On the far southwestern edge of Denver sit the neighborhoods of Harvey Park and Harvey Park South.
They stretch between South Federal Boulevard to the east, South Sheridan Boulevard to the west, West Jewell Avenue to the north and U.S. 285 to the south.
The area is most well-known for its homes. The streets are filled with almost exclusively mid-century modern architecture.
And the people who live there are a close community of people who appreciate it. People who want to preserve Harvey Park’s character and ensure the homes that have made it Denver’s most famous ‘mid-mod’ gem survive for years to come.
Take a photo tour of Denver's Harvey Park
Follow along on our photo tour of Harvey Park, this Friday on Instagram.
In 1891, the sisters of Loretto founded the Loretto Heights Academy, a Catholic elementary and secondary school for girls at the edge of what would eventually become Harvey Park.
The school added college classes in 1918 and a teacher education program in 1926.
During WWI the campus was used as a training center for women. There, students learned how to roll bandages, create surgical dressings, knit, cook and more.
Loretto continued to serve as a Catholic school for girls until 1948 when the elementary and secondary school programs were phased out. The Loretto Heights College was now the only four-year college for women in the region.
The campus was expanded from the original 140 acres to 160 acres, and a nursing program was added.
Loretto Heights would continue to expand and eventually began admitting both men and women. In 1988, many of the programs were transferred to Regis University and the campus became a nondenominational liberal arts school.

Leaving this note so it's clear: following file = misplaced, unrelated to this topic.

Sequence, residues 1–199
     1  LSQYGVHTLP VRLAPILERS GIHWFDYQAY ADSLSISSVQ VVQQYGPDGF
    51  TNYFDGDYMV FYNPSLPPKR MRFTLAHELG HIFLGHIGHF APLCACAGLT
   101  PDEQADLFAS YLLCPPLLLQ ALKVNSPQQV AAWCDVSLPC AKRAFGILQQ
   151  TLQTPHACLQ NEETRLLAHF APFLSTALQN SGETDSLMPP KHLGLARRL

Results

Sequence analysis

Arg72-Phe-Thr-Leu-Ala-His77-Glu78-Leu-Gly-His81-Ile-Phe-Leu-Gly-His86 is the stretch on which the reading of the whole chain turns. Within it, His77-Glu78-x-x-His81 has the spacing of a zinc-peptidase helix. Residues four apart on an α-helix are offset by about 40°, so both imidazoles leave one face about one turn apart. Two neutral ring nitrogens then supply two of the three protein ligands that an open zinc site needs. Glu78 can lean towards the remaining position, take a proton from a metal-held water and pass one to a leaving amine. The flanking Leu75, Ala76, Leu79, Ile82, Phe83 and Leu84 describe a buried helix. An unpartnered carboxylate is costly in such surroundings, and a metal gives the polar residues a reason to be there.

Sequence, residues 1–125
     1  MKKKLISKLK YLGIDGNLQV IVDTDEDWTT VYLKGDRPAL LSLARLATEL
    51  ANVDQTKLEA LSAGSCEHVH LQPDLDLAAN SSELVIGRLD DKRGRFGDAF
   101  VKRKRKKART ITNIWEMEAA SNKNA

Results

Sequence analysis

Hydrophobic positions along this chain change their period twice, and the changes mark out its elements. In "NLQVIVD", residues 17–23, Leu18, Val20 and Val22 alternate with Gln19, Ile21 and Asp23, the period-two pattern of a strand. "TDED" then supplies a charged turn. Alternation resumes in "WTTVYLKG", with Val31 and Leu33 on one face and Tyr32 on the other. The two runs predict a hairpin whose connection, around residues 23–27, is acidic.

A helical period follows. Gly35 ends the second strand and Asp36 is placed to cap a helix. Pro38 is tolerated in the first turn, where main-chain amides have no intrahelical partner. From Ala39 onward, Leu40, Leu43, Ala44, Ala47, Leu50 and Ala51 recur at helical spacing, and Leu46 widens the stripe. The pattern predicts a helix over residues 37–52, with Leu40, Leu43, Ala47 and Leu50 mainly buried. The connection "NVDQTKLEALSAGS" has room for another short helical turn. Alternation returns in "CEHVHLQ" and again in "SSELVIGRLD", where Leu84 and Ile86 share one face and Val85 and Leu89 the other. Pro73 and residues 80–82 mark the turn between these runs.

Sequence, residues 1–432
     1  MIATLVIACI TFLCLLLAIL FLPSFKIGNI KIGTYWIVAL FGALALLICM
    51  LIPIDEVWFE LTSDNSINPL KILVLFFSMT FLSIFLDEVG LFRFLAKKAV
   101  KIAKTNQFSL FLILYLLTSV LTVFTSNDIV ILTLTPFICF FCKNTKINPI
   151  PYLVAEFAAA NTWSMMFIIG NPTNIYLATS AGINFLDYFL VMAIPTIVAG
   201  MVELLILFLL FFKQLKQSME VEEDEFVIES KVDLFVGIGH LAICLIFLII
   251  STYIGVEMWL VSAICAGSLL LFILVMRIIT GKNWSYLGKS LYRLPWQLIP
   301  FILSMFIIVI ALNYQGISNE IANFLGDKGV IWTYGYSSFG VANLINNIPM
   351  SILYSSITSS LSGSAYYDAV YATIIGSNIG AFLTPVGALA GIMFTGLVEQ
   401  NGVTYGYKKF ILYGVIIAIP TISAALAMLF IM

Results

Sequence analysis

The building of a neighborhood
When building began in the Harvey Park area in the 1950s, what was undeveloped land became a neighborhood almost overnight.
According to the Denver Post, about 4,000 homes were built in less than three years.
PHOTOS: Historic Harvey Park
Many of these were mid-century modern tract homes: developments with model homes in a few different designs that homeowners could buy replicas of, in a few different color schemes and sizes.
For example, The Hutchinson Homes Company built nearly 1,000 of their Century 970, Century 1142 and Century 1255 models in the 1950s. Ads from the time show the base models priced from $12,450 for a two-bedroom home to $15,450 for a three-bedroom with a double garage.
However, the homes the area was most known for were those designed by architect Cliff May. The neighborhood still has dozens by the noted California architect, an extreme rarity in Colorado.
May is known for first coming up with the California ranch-style home design, known as the suburban “dream home” in post-war America.
The models for May developments in Harvey Park were listed for between $12,750 and $16,750, with the largest home having four bedrooms and two bathrooms.
In recent years, the popularity of Harvey Park is quietly exploding once again.